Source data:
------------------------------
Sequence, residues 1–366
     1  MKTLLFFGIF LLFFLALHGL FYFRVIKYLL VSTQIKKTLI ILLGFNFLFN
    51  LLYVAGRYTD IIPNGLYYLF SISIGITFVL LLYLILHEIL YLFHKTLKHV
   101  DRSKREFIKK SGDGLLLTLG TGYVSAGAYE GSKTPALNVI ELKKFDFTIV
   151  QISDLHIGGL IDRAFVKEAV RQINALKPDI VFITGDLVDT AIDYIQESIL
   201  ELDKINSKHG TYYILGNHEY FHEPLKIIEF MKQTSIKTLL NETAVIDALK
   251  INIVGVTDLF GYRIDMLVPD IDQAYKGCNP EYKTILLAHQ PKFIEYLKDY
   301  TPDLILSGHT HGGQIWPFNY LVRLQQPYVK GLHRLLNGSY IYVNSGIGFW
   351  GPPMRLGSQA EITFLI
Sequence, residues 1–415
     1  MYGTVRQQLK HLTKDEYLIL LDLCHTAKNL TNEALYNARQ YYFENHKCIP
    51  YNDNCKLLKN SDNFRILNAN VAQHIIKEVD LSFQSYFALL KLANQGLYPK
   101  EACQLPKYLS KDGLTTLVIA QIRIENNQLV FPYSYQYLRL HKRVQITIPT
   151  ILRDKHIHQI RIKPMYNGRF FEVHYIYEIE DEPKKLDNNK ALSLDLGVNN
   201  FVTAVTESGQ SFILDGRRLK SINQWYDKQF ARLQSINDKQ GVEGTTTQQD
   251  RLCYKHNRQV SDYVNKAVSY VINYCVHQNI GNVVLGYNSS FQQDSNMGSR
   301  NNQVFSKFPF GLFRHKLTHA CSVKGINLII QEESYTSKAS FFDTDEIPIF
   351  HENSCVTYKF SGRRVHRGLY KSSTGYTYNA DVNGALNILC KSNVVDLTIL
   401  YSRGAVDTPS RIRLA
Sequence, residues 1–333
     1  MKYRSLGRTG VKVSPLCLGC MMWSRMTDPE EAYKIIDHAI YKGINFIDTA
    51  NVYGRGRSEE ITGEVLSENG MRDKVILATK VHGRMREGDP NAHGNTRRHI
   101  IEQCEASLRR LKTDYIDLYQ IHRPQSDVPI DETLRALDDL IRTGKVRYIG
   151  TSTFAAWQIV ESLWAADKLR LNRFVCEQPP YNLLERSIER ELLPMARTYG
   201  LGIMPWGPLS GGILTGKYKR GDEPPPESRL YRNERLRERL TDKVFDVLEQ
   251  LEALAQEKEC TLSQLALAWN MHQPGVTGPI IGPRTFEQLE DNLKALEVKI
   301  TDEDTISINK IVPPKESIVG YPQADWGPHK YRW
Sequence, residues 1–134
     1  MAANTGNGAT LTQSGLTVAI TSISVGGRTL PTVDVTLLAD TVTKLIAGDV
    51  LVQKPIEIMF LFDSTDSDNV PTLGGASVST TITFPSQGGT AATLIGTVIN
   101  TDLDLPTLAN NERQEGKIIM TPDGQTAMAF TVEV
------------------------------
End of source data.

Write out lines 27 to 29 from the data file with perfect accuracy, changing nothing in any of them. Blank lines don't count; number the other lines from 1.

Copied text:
   301  TDEDTISINK IVPPKESIVG YPQADWGPHK YRW
Sequence, residues 1–134
     1  MAANTGNGAT LTQSGLTVAI TSISVGGRTL PTVDVTLLAD TVTKLIAGDV